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Dobrimir Dotov and Laurel J Trainor (2021)

Cross-frequency coupling explains the preference for simple ratios in rhythmic behaviour and the relative stability across non-synchronous patterns

Philosophical Transactions of the Royal Society B.

Rhythms are important for understanding coordinated behaviours in ecological systems. The repetitive nature of rhythms affords prediction, planning of movements, and coordination of processes within and between individuals. A major challenge is to understand complex forms of coordination when they differ from complete synchronization. By expressing phase as ratio of a cycle, we adapted levels of the Farey tree as a metric of complexity mapped to the range between in-phase and anti-phase synchronization. In a bimanual tapping task, this revealed an increase of variability with ratio complexity, a range of hidden and unstable yet measurable modes, and a rank-frequency scaling law across these modes. We use the phase-attractive circle map to propose an interpretation of these findings in terms of hierarchical cross-frequency coupling (CFC). We also consider the tendency for small-integer attractors in the single-hand repeated tapping of 3-interval rhythms reported in the literature. The phase-attractive circle map has wider basins of attractions for such ratios. This work motivates the question of whether CFC intrinsic to neural dynamics implements low-level priors for timing and coordination and thus becomes involved in phenomena as diverse as attractor states in bimanual coordination and the cross-cultural tendency for musical rhythms to have simple interval ratios.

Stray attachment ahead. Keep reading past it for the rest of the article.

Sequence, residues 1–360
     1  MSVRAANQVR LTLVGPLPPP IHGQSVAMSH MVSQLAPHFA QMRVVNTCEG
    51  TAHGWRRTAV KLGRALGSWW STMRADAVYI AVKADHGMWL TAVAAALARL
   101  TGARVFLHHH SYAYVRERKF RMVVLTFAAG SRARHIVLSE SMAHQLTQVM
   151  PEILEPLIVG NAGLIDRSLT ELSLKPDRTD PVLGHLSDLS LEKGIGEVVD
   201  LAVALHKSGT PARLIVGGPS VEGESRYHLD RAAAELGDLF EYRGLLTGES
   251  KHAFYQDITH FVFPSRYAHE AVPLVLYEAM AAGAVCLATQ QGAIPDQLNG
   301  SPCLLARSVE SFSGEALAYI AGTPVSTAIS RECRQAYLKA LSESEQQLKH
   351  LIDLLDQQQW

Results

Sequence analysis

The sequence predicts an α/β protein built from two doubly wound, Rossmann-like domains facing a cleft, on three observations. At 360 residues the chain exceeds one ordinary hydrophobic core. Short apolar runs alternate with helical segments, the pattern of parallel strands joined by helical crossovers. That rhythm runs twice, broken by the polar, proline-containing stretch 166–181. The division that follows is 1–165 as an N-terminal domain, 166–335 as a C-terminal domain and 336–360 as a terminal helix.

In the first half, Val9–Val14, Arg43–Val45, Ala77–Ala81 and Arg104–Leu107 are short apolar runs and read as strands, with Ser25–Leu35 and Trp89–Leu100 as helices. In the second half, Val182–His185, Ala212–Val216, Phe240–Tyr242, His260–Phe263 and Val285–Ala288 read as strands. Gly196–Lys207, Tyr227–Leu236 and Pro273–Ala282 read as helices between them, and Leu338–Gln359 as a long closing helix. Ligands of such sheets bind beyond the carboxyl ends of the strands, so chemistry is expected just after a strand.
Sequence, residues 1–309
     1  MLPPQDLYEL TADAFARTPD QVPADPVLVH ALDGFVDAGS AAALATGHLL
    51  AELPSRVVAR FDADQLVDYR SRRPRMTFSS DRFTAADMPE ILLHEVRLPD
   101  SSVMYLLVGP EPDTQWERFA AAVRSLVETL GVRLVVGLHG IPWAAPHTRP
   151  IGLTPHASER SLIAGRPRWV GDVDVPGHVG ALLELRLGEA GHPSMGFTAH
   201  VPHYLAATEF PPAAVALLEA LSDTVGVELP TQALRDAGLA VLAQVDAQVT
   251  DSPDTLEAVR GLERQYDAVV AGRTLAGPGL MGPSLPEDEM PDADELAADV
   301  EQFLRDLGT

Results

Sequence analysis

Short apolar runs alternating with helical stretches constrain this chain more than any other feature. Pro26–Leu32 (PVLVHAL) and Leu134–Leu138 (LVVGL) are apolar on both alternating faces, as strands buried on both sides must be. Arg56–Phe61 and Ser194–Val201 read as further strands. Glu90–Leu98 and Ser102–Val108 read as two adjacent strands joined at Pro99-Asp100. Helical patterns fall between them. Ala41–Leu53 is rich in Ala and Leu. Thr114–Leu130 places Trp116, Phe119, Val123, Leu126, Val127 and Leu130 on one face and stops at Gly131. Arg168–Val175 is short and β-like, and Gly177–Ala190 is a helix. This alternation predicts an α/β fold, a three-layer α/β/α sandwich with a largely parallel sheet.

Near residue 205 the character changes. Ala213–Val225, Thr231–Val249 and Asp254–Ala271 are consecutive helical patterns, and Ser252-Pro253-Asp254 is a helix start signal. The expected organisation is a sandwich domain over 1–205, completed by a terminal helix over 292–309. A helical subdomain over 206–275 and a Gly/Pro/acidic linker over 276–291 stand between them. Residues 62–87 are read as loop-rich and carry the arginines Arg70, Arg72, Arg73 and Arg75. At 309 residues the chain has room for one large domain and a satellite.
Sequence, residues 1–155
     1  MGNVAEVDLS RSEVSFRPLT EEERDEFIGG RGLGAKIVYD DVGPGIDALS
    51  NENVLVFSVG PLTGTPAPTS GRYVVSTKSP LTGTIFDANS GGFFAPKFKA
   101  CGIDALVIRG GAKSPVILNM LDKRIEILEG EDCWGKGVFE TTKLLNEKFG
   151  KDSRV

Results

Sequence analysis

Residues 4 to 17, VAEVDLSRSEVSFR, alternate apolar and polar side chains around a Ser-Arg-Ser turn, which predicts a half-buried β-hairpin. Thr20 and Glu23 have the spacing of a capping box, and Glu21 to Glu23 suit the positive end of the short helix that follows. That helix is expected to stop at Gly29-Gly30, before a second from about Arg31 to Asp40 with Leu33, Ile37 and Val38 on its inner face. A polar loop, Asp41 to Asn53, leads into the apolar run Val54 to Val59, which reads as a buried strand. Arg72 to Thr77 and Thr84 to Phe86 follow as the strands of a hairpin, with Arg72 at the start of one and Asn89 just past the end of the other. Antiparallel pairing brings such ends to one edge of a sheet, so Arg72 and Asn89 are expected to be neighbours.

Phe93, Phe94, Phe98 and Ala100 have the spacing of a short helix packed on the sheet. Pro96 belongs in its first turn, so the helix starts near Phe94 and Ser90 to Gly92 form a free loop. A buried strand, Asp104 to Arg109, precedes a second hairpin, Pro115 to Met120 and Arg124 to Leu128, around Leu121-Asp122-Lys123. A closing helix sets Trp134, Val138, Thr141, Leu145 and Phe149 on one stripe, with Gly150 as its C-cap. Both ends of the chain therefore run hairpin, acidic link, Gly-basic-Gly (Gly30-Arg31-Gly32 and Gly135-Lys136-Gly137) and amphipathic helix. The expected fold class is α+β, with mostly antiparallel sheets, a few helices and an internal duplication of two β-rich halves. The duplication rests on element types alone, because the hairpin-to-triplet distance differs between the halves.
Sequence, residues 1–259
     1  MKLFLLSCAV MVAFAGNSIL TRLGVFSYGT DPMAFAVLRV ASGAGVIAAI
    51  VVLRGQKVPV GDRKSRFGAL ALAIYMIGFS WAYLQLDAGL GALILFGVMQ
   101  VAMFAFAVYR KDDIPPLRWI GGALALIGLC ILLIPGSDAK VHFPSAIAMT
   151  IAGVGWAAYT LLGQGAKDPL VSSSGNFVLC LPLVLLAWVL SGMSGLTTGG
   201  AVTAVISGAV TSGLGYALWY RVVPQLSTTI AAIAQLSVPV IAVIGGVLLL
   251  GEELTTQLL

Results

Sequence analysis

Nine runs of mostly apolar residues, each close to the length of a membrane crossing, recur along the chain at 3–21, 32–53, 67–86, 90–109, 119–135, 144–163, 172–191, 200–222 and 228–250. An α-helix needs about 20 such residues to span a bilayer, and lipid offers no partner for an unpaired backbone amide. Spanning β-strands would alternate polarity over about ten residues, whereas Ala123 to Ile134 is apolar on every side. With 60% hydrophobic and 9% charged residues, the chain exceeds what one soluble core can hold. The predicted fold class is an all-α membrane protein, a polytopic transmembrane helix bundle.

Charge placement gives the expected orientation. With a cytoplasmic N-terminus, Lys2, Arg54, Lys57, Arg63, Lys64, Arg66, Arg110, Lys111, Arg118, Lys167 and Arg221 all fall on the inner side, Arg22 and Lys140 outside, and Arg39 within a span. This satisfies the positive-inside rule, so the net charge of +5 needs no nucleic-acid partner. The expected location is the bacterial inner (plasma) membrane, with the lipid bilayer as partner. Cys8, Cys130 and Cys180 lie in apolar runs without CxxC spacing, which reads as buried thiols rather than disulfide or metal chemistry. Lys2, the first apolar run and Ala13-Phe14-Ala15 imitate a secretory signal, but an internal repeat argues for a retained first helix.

Keywords: coordination, cross-frequency coupling, Farey tree, intrinsic dynamics, rhythm, scaling law

Supplementary material from "Cross-frequency coupling explains the preference for simple ratios in rhythmic behaviour and the relative stability across non-synchronous patterns". The Royal Society. Collection. 

https://doi.org/10.1098/rstb.2020.0333

https://doi.org/10.6084/m9.figshare.c.5501579.v1

 

 

 

 

 

 

 

 

synchrony